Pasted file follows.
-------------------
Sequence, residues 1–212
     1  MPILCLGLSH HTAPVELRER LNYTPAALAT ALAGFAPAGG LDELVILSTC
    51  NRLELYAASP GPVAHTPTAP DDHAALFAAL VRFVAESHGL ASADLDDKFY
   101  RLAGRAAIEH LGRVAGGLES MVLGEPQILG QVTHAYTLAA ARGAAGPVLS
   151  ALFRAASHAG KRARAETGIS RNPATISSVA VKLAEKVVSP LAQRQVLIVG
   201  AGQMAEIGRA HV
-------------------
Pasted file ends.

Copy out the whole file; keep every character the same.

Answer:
Sequence, residues 1–212
     1  MPILCLGLSH HTAPVELRER LNYTPAALAT ALAGFAPAGG LDELVILSTC
    51  NRLELYAASP GPVAHTPTAP DDHAALFAAL VRFVAESHGL ASADLDDKFY
   101  RLAGRAAIEH LGRVAGGLES MVLGEPQILG QVTHAYTLAA ARGAAGPVLS
   151  ALFRAASHAG KRARAETGIS RNPATISSVA VKLAEKVVSP LAQRQVLIVG
   201  AGQMAEIGRA HV